Cns Injury In Surgery Of The Descending Aorta

For some patients, up to 45 minutes of descending aortic occlusion is well tolerated, while in others paraplegia occurs after only 10 minutes. The discrepancy may be related to variability in the blood supply to the spinal cord. There are three major regions of blood supply: 1) cervical cord is supplied from the vertebral branch of the subclavian artery via the anterior spinal artery; 2) the mid-thoracic cord is supplied by spinal arteries rising from the level of about T7; 3) the lower cord is supplied from the large unpaired artery of Adamkiewitz arising in 90% of patients from T9 to L2 and in about 10% from T5 to T8. This contributes to the anterior spinal artery which can provide collateral circulation throughout the spinal cord. The anterior spinal artery can be continuous along the entire spinal cord or can be discontinuous. Anterior spinal occlusion causes paraplegia, incontinence, and loss of superficial sensation. Deep pin, vibration and position sensation, transmitted via the posterior columns, are preserved. If the anterior spinal artery is discontinuous, proximal occlusion can create ischemia and paraplegia. Intraoperative methods to determine spinal viability include so-matosensory evoked potentials and somatomotor evoked potentials. Some surgeons find them of limited use, however.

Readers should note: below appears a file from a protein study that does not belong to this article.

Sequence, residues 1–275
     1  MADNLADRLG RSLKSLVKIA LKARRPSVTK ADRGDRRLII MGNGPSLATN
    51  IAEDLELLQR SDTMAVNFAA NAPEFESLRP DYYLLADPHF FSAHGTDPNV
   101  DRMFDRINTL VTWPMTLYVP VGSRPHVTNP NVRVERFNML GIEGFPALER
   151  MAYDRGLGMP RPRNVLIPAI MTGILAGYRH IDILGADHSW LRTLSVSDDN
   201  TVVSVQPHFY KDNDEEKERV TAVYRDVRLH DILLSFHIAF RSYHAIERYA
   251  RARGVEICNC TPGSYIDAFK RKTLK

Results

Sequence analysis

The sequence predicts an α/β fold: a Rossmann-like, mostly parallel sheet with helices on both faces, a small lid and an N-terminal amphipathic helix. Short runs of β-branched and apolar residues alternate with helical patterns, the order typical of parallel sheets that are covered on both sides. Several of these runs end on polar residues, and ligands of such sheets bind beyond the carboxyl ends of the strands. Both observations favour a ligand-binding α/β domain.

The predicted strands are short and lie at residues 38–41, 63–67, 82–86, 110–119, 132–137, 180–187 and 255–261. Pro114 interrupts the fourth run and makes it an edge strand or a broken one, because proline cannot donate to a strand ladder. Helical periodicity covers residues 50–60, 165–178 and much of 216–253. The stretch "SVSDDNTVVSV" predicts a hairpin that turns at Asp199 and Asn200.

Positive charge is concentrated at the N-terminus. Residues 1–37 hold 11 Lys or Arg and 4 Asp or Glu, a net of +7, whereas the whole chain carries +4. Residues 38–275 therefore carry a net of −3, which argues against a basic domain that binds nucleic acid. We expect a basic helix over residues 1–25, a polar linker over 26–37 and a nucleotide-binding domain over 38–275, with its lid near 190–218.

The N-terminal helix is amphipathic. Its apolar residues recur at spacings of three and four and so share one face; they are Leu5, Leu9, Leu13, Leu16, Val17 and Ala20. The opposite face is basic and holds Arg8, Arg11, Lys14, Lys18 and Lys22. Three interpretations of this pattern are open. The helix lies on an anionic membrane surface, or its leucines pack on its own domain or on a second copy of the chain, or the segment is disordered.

During cross-clamping of the descending aorta, extravascular conduits may be extremely helpful to protect the spinal cord. This includes left atrial-femoral arterial bypass, femoral-femoral bypass, or a passive shunt (Gott shunt from the proximal aorta to the distal aorta or to the femoral artery). In the case of aortic transection, however, none of these methods have been shown to definitively decrease the incidence of paraplegia.

Most often, however, if the cross-clamp time can be limited to less than 20 minutes, the "clamp and go" method is used without specific spinal protection methods other than speed of surgery. If the cross-clamp time exceeds 20-30 minutes, the incidence of paraplegia rises dramatically.

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